“I’m proud to have stood up for what is right in the District of Columbia on behalf of the people who are LGBTQ in the District of Columbia,” he said. “I am proud to have led the fight on the Council of the District of Columbia to be able to approve marriage equality,” he said, referring to his role as chair of the Council in 2009 when the marriage bill came up.

Wells acknowledged that Evans, in his long tenure on the Council, and Gray, in his many LGBT-related initiatives as mayor, have done a lot for the LGBT community. Noting that his record and commitment to LGBT issues is also strong, he suggested that LGBT voters should consider turning their attention to issues such as ethics in government, that impact everyone.

“I am so proud of what we’ve done together to make this a fairer, just city for everyone,” Wells said. “Let me say that everyone on the dais has been part of that,” he said. “Your fight is my fight.”

Bowser said she is proud to have won the club’s endorsement in the past when running for her Ward 4 Council seat.

“I think Tommy is right,” she said. “There have been a lot of people who have worked long and hard so that all the institutions of the District of Columbia are equal.  Because of their hard work we’re talking about marriage equality tonight.”

Bowser, among other things, cited her role as co-introducer of a bill approved by the Council earlier this year calling for services for LGBT homeless youth.

Orange pointed to his role as a committee chair to help push through a bill introduced by gay D.C. Council member Jim Graham to add protections for transgender people in the city’s Human Rights Act.

In keeping with the club’s longstanding format for endorsement forums, the candidates were asked to leave the main hall where the event took place at the conclusion of the forum to give club members a chance to speak among themselves on who they support for the endorsement.

Among those speaking on behalf of Bowser was her gay brother, Marvin Bowser.

“Muriel has been up front in support of all of the LGBTQ issues in her campaign, including marriage equality, the anti-bullying law, and the homeless youth bill,” he said. “She’s about supporting the diversity and the vitality of the city,” he said. “She’s fully engaged in all the issues important to that.”

Martin Garcia, Angela Peoples, Gertrude Stein Democratic Club, endorsement forum, gay news, Washington Blade

Stein Club Vice President for Legislative and Political Affairs Martin Garcia (left) and President Angela Peoples. (Washington Blade photo by Michael Key)

Stein Club President Angela Peoples said that while she’s disappointed that the club was unable to make an endorsement in the mayor’s race, along with the shadow Senate seat and several Council races, the endorsement forum has been beneficial to LGBT voters.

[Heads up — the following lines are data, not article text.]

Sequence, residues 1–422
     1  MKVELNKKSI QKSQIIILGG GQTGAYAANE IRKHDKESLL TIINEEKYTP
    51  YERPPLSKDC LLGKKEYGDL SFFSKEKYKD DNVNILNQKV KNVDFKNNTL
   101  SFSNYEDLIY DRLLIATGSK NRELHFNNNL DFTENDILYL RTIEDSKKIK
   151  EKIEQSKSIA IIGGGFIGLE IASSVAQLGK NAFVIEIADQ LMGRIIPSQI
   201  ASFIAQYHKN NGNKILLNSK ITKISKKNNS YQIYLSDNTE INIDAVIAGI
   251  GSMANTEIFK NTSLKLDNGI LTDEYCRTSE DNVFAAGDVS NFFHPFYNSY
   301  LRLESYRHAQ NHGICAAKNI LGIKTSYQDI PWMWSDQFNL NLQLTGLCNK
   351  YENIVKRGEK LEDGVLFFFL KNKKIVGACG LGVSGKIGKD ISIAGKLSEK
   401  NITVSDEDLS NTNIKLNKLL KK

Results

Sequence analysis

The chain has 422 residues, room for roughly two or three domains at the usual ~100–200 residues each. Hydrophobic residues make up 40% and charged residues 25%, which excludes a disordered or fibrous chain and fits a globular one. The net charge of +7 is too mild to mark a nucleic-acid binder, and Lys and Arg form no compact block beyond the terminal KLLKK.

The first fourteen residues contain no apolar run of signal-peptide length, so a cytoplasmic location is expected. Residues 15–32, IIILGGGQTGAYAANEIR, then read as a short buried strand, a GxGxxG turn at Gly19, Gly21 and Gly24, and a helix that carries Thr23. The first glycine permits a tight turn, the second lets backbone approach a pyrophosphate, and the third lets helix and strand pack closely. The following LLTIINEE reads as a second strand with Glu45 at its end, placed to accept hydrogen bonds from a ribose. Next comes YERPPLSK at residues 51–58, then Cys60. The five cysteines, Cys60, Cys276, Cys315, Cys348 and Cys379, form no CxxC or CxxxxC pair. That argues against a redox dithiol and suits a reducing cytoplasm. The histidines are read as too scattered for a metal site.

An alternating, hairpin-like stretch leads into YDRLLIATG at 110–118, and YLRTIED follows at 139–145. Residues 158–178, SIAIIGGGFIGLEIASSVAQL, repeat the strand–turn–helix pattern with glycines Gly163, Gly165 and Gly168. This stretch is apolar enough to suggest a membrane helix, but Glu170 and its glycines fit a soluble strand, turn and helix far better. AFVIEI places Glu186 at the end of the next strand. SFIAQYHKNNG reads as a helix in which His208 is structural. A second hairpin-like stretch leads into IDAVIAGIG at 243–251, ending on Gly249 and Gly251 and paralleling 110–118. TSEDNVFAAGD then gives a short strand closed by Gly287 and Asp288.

“I’m really proud and humbled and excited to see so much energy from the entire LGBT community,” she said. “The turnout at this event really shows that our LGBT community is diverse. We have straight allies. We have transgender leadership in our organization. We have people who have been here for a long time and also people who are new and excited.”

Peoples said the strong support that all of the candidates have expressed for LGBT equality was a testament to the strength of the LGBT community.

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Virginia

Va. Senate subcommittee tables anti-transgender student athlete bill

Virginia Beach Republican introduced SB 766

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(Washington Blade photo by Michael Key)

A Virginia Senate subcommittee on Thursday tabled a bill that would have banned transgender students from joining school sports teams that are consistent with their gender identity.

Senate Bill 766, which state Sen. Jennifer Kiggans (R-Virginia Beach) introduced on earlier this month, would have required “each elementary or secondary school or a private school that competes in sponsored athletic events against such public schools to designate athletic teams, whether a school athletic team or an intramural team sponsored by such school, based on biological sex as follows: (i) ‘males,’ ‘men,’ or ‘boys’; (ii) ‘females,’ ‘women,’ or ‘girls’; or (iii) ‘coed’ or ‘mixed.’”

“SB 766 (trans sports ban) was passed by indefinitely (it died!) after a long line of speakers testified against it, affirming trans students’ rights to participate in sports just like their cisgender peers,” tweeted the American Civil Liberties Union of Virginia after the vote. “Trans students belong in sports. Period.”